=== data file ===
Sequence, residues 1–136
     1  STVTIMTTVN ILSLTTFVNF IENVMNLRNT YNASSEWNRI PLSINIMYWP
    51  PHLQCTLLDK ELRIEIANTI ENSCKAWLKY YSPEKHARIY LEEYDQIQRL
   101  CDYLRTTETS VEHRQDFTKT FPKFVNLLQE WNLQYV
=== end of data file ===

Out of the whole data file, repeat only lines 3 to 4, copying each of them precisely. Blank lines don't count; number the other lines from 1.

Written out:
    51  PHLQCTLLDK ELRIEIANTI ENSCKAWLKY YSPEKHARIY LEEYDQIQRL
   101  CDYLRTTETS VEHRQDFTKT FPKFVNLLQE WNLQYV